As I was promised, my first job out of journalism school was not at The New York Times.
Before I found myself hearing this news in a lecture hall last summer, surrounded by would-be writers, reporters, and fellow “boot campers,” I was admittedly naive about the journalism industry. (I didn’t actually have secret, grand designs for The New York Times until I started reading it like a mad person in graduate school.) I knew enough to know I wanted to be a part of the journalism world, and I knew that I wanted it more than I wanted to go to law school.
The little story I tell about my career choice largely hinges on a gut feeling, building up the way I felt the moment I opened my acceptance email. It goes like this: In the summer before my senior year at SUNY Geneseo, I was spending my hot July and August days prepping for law school and getting ready to take over as editor-in-chief of my beloved college newspaper, The Lamron. I had taken a handful of logic and jurisprudence-philosophy classes, and loved them, and followed up by interning at a Rochester law firm, and taking an online LSAT course. I liked the law firm; The people were nice and they did good, honest work. (They were plaintiffs’ attorneys representing classes of retired folks who had lost their nest eggs after hooking up with some unscrupulous brokers.) I liked the LSAT class; I discovered that I could multi-task during it, by consuming alcoholic beverages with my friends while following along with the tutor.
I loved The Lamron. I spent as much time as possible in the dusty old office, tucked into the college union’s mailroom. I cleaned it, I reorganized the desks for maximum-concentration efficiency. I tossed out decades-old, yellowing, excess copies of the paper and archived the rest of the precious dead trees. I poured over old volumes in search of hidden treasures to dig up. And the following year, I slept on the office’s stinky orange couch after editing and re-reading every inch of copy on Wednesday nights into Thursday mornings.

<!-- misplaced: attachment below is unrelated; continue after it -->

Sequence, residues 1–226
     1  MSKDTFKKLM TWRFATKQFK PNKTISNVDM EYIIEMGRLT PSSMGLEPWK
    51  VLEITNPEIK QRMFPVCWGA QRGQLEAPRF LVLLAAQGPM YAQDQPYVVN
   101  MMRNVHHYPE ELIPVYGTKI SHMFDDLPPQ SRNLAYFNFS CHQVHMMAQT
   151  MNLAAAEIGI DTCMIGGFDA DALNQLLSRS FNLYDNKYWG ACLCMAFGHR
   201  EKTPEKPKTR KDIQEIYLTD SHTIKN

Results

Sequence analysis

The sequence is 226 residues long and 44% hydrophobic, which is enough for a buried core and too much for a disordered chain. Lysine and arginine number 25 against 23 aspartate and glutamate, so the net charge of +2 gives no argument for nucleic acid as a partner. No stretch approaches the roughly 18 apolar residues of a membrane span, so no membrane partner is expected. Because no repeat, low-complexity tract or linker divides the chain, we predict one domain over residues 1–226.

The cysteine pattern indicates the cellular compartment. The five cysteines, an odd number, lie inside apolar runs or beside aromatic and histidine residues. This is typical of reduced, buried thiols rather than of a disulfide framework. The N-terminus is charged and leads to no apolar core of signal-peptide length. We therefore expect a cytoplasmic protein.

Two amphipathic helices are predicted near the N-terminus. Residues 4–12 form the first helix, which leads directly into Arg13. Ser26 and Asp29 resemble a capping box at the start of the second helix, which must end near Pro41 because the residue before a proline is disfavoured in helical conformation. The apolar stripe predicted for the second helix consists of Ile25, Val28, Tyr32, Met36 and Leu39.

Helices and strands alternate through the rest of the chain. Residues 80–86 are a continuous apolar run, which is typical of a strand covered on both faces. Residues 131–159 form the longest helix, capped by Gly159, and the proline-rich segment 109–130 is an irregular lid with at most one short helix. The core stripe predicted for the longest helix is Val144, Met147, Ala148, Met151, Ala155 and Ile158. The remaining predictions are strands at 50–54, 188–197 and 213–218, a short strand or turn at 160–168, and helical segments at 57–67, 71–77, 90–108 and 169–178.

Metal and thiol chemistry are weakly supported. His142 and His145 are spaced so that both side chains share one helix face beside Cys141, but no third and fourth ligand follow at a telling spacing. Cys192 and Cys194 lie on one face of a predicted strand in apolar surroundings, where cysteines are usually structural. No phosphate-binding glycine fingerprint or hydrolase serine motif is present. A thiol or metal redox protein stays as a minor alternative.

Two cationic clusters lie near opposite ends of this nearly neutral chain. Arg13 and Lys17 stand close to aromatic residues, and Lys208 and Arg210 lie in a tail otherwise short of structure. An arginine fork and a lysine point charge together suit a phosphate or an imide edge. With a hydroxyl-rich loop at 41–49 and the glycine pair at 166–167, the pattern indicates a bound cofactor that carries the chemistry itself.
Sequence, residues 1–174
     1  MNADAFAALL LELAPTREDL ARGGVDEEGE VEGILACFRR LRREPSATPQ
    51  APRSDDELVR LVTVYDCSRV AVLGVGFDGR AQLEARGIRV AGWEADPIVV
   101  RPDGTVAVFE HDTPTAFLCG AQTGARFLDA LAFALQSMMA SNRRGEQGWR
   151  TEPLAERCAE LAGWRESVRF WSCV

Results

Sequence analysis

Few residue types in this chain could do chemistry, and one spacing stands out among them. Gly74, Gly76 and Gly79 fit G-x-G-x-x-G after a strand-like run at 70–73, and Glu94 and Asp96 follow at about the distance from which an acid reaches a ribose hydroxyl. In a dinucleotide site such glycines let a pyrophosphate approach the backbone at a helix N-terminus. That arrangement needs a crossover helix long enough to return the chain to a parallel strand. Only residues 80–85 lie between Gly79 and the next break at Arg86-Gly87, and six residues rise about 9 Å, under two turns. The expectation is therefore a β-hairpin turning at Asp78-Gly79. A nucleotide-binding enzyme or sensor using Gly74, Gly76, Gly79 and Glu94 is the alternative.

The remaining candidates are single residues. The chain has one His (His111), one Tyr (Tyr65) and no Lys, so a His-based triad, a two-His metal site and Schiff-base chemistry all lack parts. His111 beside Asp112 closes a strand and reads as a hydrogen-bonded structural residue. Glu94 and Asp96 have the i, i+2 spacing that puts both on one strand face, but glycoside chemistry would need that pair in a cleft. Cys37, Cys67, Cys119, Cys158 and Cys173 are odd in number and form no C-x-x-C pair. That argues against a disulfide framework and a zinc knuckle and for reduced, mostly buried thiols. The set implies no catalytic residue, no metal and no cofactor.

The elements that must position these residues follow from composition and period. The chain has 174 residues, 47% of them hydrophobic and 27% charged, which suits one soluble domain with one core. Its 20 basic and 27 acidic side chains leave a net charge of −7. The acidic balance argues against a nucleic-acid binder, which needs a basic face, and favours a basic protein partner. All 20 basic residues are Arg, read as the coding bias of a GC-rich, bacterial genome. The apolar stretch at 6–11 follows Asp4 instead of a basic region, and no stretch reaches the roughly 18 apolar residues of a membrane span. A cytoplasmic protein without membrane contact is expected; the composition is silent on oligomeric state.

My post-undergraduate life came down to a gut feeling: That’s really how I ended up at ‘Cuse, which is kind of strange, because I am, for better or for worse, a 5-year plan kind of person.
When I talk to people about their lives (which I do a lot — the topic is a great interview opener), I probably annoy them a little and pressure them a lot with my questions about what they want to do with their lives and what is important to them and how they are going to achieve their goals. I think my obsession with the next step has something to do with spending the last 20 years of my life in an educational system obsessed with next-step thinking. Whatever the reason, I am always “cultivating” my next move. (I like to describe it with this word as frequently as possible, after a good and compliment-giving friend of mine described me that way.)